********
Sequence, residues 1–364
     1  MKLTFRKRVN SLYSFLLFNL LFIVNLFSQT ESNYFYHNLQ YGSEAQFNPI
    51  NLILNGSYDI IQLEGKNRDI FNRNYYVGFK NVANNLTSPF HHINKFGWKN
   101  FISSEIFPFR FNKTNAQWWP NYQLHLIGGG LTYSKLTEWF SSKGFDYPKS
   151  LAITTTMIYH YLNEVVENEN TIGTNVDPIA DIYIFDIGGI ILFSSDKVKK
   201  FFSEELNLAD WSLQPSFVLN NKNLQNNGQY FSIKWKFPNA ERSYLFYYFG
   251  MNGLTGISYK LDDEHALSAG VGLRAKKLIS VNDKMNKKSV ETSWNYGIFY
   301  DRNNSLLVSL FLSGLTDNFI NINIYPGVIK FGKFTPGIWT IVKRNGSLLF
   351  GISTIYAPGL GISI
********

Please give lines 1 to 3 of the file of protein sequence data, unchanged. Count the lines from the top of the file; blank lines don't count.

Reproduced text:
Sequence, residues 1–364
     1  MKLTFRKRVN SLYSFLLFNL LFIVNLFSQT ESNYFYHNLQ YGSEAQFNPI
    51  NLILNGSYDI IQLEGKNRDI FNRNYYVGFK NVANNLTSPF HHINKFGWKN